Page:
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Anastasia, The Musical, Takes a More Grown-Up Approach to the Movie

Lila CooganEXPAND
Lila Coogan
Evan Zimmerman

The rumors of St. Petersburg have finally arrived in Dallas.

The beloved tale of the Princess Anastasia is touring for the first time and has set up shop at the Music Hall at Fair Park. But swap out Rasputin and the talking bat with communism.

“We think of it as Anastasia now for grown-ups," says Terrence McNally, the Tony Award-winning playwright who wrote the script. "The core audience for the movie are now more grown up, and I think they want a more adult approach.

“I had not seen the movie when I agreed to do it, but I did watch it before I wrote it. But as a child I’ve always been fascinated with the legend of Anastasia.”

Until this day he has only ever seen the 1997 film once.

“This is pretty much an original," he says. "This is my reaction to the movie and the actual history, combining both.”

The musical keeps all the songs we fell in love with at the turn of the century, like "Journey to the Past," "Once Upon a December," "A Rumor in St. Petersburg" and more, and all are wonderfully woven into the story.

The main contrasts between the movie and the musical are the replacement of magic with politics, which results in a more believable story for adults to enjoy.

“It’s definitely a historical fiction,” says Lila Coogan, who is making her national tour debut as the lead, Anya. “It’s set more in a reality and is more relatable in terms.”

It’s been almost a year since Coogan found out she would play Anya in this retelling of Anastasia. She was working a shift at her retail job when she got the call. It's her first big break.

“It’s been a dream,” she says. “She was my favorite princess growing up. I loved her. I loved how spunky she was. I loved how determined she was, and I think because I loved her so much that I felt like she grew up with me. I love playing her every night.”

Though the story of the musical was pretty close to the movie and the characters were pretty much the same (sans creepy sorcerer and his flying sidekick), there were a couple of favorite elements of the characters that felt … amiss.

Lila Coogan can sing extremely well. But there was something about her Anya that missed the vibe we love so much in the movie. Yes, Coogan’s Anya tried to put up strength with a new “I’m a street sweeper who walked across the country fending for myself” line, but something about it didn’t feel natural. While Coogan’s singing voice fit the beloved songs perfectly, her speaking stage voice was a bit much. The strong-willed nature seemed a little lost in a more fearful-sounding character. There was even a “fight scene” in which the lead defends Dimitri from a handful of thugs with a baseball bat, but it wasn’t believable.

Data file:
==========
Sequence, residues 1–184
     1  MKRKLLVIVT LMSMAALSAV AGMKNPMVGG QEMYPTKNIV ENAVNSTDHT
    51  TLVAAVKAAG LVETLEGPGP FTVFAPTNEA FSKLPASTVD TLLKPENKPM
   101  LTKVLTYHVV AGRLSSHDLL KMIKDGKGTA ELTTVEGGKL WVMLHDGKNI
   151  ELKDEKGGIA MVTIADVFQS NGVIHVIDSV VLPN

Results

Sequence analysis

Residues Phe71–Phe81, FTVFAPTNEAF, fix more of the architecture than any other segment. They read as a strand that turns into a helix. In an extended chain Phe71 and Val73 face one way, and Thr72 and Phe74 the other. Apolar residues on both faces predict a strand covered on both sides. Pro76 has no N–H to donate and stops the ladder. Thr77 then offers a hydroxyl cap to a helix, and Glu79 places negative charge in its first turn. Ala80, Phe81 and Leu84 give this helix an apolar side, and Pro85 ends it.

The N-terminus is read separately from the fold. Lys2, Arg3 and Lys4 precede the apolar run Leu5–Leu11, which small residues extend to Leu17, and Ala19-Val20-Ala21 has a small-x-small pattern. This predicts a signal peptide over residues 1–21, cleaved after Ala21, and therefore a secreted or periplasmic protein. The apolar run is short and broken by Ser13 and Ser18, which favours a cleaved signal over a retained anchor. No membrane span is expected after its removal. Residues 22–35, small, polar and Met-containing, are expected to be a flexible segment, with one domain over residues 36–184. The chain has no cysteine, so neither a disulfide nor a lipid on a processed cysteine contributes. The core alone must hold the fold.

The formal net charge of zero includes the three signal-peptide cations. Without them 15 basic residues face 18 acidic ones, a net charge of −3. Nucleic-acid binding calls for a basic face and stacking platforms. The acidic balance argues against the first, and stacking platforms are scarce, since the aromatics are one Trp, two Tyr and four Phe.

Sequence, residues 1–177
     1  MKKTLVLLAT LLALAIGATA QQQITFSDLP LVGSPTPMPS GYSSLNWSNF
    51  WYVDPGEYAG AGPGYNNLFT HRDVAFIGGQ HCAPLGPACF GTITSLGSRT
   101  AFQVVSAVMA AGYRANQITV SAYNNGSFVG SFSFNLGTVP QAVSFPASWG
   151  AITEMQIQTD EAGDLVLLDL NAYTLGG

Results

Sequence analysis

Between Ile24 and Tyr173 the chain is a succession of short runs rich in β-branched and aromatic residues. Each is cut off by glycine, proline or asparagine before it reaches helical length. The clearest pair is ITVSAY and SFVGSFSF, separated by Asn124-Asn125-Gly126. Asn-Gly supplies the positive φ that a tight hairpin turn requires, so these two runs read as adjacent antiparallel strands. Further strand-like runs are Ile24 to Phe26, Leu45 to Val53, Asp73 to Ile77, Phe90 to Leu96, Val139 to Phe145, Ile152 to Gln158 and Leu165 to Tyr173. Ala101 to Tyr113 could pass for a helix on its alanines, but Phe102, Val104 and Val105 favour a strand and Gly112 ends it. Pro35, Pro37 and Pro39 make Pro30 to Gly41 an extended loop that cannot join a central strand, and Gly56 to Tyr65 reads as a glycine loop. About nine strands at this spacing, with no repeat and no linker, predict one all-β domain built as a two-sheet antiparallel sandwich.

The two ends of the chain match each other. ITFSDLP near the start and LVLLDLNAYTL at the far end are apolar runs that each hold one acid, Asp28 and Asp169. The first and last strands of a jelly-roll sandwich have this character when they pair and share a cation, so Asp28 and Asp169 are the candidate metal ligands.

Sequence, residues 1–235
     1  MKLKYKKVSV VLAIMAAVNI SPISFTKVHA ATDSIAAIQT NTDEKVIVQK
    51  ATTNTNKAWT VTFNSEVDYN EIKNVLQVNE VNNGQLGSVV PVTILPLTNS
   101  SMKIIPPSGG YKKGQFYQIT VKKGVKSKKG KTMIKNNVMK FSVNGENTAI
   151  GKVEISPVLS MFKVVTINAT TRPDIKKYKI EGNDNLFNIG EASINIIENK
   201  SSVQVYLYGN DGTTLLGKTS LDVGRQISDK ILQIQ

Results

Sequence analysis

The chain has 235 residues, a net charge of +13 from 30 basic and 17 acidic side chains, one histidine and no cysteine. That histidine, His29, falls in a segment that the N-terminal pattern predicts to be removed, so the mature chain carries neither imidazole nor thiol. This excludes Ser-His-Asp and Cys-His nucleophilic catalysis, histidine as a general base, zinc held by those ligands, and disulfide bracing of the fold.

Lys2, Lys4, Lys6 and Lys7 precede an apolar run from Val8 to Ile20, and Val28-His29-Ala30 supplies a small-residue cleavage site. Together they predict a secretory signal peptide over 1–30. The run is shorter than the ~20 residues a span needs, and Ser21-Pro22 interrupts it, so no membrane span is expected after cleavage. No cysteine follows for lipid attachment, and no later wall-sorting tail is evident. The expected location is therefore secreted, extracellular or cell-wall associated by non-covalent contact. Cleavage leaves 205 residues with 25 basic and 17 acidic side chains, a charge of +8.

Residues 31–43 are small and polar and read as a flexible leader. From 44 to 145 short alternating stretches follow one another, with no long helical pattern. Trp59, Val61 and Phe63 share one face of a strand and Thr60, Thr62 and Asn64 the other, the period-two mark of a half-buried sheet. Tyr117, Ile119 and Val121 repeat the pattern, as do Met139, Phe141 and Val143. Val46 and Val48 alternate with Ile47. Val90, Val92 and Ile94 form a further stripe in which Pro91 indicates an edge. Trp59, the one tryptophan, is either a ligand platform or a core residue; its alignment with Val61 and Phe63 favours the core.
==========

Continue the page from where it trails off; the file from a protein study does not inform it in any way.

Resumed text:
Perhaps we’re doing a bit too much comparison, but remember the ’97 Anya? Remember her confident, I-don’t-care swagger? Her effortless teasing of Dimitri and their amazing chemistry, and how you could believe she could hold her own hanging with the boys? This is the Anya we would have loved to see on stage.

Yes, this musical is different. But remember in the animated film how the battered princess saved the day by breaking Rasputin’s bottle-thingy and he could do nothing to stop her? Remember the “This is for Dimitri, this is for my family, and this is for you! Dasvidanya!” line? Throughout the whole film and especially in the climax, no one could question her spunk and confidence in herself. She was the hero, period. And yes, the musical couldn’t very well have that same scene at the end because the magic element was taken out, but the replacement scene didn’t quite make Anya the clear hero.

It almost seemed like everything that happened to her — finding Dimitri to bring her to Paris, Dimitri making her grandma talk to her and find out who she was, and then the villain having a change of heart — were just lucky circumstances that led to her “happily ever after.” And it seems that the underdeveloped relationship between Anya and Dimitri led to the ending feeling much more like “she ran away from her duty to her country for this street kid she just met” rather than “she’s confident in her identity and is following her heart.” We don’t expect the musical Anya to be a carbon copy of the animated Anya, but we did miss her spirit.

So maybe this musical is best for those who have forgotten the ’97 movie, are able to let go of the movie, or, like the writer, have seen it once or never. In that case, it’s a beautiful take on the legend and a romantic and fantastic take on the history of the Romanovs. So if you are able to let go of the movie, expect a wonderful night.
The music? Impeccable. The costumes? Absolutely perfect. The set? Inspired. Some cast favorites were Tari Kelly as Countess Lily, Edward Staudenmayer as Vlad and Stephen Bower as Dimitri. Kelly stole the show in all her fresh, new scenes with Staudenmayer, including the new original song “The Countess and the Common Man.”

All in all, movie biases and expectations aside, the musical’s ability to adapt the classic story to become more realistic and adult while maintaining the feeling of fantasy and fairy tale was impressive.

“I think people go to the theater sometimes to dream a little, and not escapism in a bad sense," McNally says. "We know the realities of the real world, but to be for a while in a different time when things were a little more graceful and poetic and romantic, I think people are grateful to make a journey to the past.”

The show runs through March 1.

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